Bonegilla Migrant Experience
The original complex was built as Bonegilla Army Camp during the Second World War.
It became the Bonegilla Migrant Reception and Training Centre in 1947, and until 1971 served as Australia’s largest and longest operating migrant centre.
It was the first Australian home for more than 200,000 post war migrants from over 50 countries.
A large group of remnant accommodation huts and buildings still remain today which house various displays, cultural exhibitions and information.
Both inside and outside the buildings visitors can experience first-hand what life was like as a post-war migrant at Bonegilla.
Block 19 has been assessed by the Australian Heritage Council as having outstanding heritage value to the nation and is included on the National Heritage List.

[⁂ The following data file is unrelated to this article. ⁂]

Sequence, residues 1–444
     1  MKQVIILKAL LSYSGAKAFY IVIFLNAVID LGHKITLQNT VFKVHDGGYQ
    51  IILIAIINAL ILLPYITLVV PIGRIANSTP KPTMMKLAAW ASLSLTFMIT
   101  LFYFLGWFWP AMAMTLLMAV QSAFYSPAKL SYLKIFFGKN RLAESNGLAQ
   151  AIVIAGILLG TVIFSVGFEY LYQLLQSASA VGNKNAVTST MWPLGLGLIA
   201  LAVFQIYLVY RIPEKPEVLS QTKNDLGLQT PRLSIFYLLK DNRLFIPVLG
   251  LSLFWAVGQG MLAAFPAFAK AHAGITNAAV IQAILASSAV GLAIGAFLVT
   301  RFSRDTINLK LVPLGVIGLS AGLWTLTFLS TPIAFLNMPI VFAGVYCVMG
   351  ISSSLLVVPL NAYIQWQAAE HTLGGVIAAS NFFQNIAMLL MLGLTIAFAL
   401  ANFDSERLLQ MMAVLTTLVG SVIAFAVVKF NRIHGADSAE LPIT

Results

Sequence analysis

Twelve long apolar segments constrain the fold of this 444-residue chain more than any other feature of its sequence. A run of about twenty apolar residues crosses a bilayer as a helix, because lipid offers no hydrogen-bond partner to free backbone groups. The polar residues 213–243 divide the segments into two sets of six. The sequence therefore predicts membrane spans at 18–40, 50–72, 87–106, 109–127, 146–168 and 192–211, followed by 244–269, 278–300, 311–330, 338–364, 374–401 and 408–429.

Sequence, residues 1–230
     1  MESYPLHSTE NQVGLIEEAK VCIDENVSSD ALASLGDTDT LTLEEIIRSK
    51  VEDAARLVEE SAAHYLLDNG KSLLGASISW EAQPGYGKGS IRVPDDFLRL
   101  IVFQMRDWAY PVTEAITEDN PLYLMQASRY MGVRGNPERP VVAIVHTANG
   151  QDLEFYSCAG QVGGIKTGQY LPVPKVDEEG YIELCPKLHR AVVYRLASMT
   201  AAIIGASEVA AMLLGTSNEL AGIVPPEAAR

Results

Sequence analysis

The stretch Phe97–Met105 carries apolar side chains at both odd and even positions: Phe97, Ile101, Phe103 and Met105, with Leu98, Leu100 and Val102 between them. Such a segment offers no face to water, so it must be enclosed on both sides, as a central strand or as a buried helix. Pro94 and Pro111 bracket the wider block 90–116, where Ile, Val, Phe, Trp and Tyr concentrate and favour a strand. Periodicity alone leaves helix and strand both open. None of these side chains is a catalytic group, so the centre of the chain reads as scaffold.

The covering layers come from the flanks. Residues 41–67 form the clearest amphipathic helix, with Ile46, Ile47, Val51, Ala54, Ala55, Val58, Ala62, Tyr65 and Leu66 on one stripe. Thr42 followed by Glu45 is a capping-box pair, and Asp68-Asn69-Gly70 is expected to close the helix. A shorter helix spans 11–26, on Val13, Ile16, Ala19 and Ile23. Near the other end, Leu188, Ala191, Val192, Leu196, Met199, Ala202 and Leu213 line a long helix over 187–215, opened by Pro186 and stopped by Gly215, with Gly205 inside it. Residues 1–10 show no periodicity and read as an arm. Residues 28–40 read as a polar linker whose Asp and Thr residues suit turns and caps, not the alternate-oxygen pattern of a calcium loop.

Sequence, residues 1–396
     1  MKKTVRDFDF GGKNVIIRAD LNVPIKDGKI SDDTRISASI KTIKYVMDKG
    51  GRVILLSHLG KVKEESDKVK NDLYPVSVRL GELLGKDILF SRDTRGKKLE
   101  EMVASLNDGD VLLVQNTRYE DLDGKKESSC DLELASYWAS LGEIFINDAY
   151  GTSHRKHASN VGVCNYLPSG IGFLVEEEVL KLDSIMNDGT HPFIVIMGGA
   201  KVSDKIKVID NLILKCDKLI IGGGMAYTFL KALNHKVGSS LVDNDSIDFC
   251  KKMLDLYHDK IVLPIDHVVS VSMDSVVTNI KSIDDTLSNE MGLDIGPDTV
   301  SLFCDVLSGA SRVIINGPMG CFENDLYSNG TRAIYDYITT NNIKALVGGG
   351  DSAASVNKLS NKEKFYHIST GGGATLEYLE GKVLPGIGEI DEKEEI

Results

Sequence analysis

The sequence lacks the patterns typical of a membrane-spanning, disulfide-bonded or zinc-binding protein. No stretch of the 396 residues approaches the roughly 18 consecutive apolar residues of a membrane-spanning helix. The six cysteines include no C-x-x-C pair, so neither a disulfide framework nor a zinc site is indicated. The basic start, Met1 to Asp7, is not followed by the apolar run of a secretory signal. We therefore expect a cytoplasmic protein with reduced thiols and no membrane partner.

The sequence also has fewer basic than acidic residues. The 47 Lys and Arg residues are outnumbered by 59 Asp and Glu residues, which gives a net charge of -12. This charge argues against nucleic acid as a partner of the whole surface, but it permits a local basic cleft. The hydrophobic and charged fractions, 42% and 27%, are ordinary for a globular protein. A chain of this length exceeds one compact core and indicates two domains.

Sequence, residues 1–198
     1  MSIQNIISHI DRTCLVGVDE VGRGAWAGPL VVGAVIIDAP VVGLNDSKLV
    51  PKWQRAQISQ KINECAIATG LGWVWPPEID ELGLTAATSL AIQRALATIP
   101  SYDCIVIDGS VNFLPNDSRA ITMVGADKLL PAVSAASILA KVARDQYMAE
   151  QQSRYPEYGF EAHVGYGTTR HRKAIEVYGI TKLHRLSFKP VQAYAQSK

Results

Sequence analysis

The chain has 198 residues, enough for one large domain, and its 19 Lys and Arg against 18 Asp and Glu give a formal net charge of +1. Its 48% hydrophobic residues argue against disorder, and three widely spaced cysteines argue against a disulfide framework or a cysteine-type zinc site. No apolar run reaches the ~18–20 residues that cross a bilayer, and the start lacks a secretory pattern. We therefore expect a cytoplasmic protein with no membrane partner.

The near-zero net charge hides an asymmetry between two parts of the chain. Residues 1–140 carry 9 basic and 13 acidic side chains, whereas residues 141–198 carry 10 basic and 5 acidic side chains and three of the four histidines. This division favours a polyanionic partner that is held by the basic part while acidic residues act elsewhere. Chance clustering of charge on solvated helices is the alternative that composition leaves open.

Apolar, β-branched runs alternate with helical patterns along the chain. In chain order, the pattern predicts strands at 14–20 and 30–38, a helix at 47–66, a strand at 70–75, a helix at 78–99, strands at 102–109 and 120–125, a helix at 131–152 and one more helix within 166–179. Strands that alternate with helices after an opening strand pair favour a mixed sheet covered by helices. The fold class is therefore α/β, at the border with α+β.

There were 24 such blocks, which at their peak housed a population of 7500 people. This was more than the population of the nearby town of Wodonga.
Today Australia faces many immigration challenges. The number of immigrants, commonly referred to as ‘boat people’, combined with the number of people wishing to legally immigrate, continues to rise.
Today we face a crucial time in Australian history as we explore migration and cultural acceptance. Visitors to the centre will experience a time of reflection, consideration, understanding and empathy.